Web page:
Remove the Obstructive Crutch
Let’s say that I invited you to my home. You accepted my invitation. You took the time and put forth the effort to get into your car, drive to my house, walk up to my front door, and knock. I answered… from behind the door.
In fact, let’s say that I spent the duration of your visit attempting to converse with you from behind my door. Perhaps I poked my head around it just a bit, but for the vast majority of our time together I consistently made eye contact not with you, but with the door. How would that make you feel as an invited visitor to my home? Probably not very good.
Worshipers, Worship Leaders, Musicians, it is time to remove the obstructive crutch! By “obstructive crutch,” I am referring to the music stand.
When I was much younger, I traveled around playing music in bars. Our typical set was 4 hours long. One time while playing at a bar in Nashville, TN, the band scheduled to play after us never showed up. We were asked to play a second 4 hour set. We played from 6pm to 2am with only a few 15 minute breaks. We NEVER used music stands. Everything was memorized.
Why would we do that? There are several reasons why we (and every other band that I knew) ditched the music stands long before we ever hit the stage.
We couldn’t connect with the audience with that obstructive billboard right in front of us! How could we maintain eye contact with the audience AND with the song sheet? We couldn’t! It was either connect with people or with the podium. The people were a much higher priority! We wanted to see them and wanted them to see us. That is how normal people communicate.
The transition (of rustling papers) was terrible and totally killed the momentum. There is nothing worse than ending a high energy song only to experience the 30 seconds of everyone flipping pages trying to find their place in order to start the next. Yuck!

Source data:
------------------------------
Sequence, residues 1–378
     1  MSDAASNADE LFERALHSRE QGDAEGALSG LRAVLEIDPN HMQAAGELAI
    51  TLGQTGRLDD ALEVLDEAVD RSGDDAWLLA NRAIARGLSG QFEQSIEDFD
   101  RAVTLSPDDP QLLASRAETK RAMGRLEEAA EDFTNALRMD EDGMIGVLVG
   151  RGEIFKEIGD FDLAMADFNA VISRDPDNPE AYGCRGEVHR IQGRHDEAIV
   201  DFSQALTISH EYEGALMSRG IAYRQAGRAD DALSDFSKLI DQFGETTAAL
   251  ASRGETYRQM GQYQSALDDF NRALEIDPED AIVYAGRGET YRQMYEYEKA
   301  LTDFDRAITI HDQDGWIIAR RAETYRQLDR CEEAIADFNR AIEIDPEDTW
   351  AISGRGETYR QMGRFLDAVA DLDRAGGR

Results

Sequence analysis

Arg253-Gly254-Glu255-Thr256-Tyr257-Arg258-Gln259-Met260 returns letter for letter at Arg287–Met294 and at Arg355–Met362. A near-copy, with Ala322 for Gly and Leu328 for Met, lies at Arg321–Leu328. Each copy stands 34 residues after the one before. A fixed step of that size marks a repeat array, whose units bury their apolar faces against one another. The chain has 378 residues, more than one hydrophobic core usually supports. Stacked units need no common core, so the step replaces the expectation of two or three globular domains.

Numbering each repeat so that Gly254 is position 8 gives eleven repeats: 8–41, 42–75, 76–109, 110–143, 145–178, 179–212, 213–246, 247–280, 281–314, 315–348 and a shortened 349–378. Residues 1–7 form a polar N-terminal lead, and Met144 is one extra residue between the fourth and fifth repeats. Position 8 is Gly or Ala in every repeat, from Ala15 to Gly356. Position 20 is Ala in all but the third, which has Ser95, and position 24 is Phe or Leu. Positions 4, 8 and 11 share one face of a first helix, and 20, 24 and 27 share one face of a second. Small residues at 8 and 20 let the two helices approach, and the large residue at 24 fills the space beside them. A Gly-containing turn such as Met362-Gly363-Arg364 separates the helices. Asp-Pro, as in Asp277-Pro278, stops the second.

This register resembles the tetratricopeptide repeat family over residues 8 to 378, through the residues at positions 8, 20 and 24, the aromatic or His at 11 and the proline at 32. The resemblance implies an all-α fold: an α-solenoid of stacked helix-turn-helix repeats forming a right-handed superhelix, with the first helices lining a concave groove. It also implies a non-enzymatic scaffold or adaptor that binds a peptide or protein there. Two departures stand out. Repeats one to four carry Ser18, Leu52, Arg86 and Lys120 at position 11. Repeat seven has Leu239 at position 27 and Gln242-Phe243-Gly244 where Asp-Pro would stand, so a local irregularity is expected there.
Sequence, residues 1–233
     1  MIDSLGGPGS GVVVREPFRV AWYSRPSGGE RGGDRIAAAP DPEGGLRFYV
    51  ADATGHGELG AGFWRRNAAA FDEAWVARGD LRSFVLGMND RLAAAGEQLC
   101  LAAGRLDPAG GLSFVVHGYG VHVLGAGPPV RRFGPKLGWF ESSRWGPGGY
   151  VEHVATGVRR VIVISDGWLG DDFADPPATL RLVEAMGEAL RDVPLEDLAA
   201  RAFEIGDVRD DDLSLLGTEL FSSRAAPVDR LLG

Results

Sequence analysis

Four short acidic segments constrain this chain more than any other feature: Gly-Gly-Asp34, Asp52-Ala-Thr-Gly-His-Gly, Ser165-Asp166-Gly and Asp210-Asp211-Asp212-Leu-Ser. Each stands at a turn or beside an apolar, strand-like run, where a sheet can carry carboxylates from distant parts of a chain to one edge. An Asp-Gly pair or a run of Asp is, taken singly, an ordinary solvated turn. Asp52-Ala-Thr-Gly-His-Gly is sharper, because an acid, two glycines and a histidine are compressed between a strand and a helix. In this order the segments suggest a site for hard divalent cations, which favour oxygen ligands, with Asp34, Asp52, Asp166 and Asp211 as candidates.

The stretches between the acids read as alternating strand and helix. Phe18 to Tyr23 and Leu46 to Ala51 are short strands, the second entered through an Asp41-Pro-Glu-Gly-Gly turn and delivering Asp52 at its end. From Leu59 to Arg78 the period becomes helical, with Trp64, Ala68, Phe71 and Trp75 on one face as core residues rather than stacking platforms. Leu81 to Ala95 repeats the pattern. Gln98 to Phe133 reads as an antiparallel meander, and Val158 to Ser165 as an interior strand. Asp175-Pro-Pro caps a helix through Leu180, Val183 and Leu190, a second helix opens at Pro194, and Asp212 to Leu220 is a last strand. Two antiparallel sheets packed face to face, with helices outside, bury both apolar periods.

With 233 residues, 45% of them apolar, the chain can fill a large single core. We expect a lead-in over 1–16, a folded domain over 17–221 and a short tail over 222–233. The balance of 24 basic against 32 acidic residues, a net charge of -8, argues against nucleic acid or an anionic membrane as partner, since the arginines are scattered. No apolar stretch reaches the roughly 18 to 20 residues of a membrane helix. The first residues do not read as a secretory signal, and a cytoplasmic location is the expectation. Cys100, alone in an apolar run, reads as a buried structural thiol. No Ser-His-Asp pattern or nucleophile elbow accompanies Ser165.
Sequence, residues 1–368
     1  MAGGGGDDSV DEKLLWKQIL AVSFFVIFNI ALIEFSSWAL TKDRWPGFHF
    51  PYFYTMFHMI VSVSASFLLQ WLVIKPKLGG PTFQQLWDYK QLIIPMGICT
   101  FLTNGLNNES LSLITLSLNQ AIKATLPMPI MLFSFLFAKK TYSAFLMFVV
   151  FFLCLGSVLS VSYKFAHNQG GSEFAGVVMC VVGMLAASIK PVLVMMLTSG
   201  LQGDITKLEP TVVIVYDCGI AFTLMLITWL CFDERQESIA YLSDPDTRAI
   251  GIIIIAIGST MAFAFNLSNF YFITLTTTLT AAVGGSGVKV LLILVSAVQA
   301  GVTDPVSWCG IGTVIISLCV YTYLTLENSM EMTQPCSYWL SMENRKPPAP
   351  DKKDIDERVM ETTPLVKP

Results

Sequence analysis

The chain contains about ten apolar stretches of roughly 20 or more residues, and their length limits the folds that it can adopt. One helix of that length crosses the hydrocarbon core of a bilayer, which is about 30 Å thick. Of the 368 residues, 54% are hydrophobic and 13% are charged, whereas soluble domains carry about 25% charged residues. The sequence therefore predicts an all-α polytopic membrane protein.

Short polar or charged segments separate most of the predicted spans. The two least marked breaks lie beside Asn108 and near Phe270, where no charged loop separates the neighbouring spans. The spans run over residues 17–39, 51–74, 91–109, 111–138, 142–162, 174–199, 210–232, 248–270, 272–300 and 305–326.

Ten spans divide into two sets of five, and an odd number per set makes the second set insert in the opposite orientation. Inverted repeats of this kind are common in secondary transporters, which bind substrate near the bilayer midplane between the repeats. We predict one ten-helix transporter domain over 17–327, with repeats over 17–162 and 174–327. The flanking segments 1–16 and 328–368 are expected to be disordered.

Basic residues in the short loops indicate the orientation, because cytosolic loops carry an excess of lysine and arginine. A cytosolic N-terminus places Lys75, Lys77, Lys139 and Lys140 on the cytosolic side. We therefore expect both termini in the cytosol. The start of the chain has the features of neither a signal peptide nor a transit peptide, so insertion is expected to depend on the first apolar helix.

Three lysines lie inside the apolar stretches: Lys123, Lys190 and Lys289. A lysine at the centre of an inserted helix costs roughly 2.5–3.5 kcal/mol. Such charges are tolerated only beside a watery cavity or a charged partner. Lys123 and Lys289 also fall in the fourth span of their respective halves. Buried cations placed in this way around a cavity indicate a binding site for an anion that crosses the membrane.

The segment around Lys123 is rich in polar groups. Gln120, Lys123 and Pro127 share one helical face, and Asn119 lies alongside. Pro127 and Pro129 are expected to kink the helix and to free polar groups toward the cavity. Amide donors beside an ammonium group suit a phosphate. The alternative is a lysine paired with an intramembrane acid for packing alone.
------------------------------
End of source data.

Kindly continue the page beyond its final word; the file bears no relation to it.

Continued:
We realized that the stand was actually a crutch that kept us from growing stronger! Before the days of cell phones, I actually had phone numbers memorized. (I still have those old numbers memorized.) Then I got a cell phone, which memorized the numbers for me. Guess how many numbers I have memorized since? Probably about zero. The same is true for the music stand. YOU CAN MEMORIZE THE MUSIC! You just don’t, because you don’t feel like you have to. Well, I am telling you that you have to! So many of the songs that we sing in church are just scripture put to music! What is wrong with hiding God’s word in your heart and meditating on it day and night? Nothing! As long as you use the music stand and neglect the ultra-rewarding practice of memorizing the songs, you will forfeit the benefit of being able to pull out a song and lead worship any place, any time. Many a campfire has benefited from memorized worship songs!
It’s not actually doing what you claim it is doing, anyway. I have seen Worship Leaders stand with their eyes glued to the music stand, only lifting them long enough to look at the lyrics projected on the back wall (potentially forgetting there is an audience to connect with-or at least non-verbally communicating their non-importance), and yet they STILL sing the wrong lyric or play the wrong chord!! Guess what… that music stand is not actually doing what you claim it is doing. It is not making you better. It is not making things less awkward. It is doing the very opposite of BOTH of those things. Until you take your eyes off of the song sheet, you will never really be able to feel the music, which is essential to getting better. As long as you stand with a barrier between you and the audience, it is going to be a bit awkward.
So stop. Stop using it. You can do it. If we did it for 4 hour gigs in a bar, you can do it for 30 minutes of worship in a church.
For a printable version of this article, click here.
Artwork provided by my good friend, Brooke Gehman, an authentic and wonderful man of God, devoted follower of Christ, and an amazing husband and father. Brooke is a gifted Worship Leader, an incredible artist, and a Potter by trade (check out his website).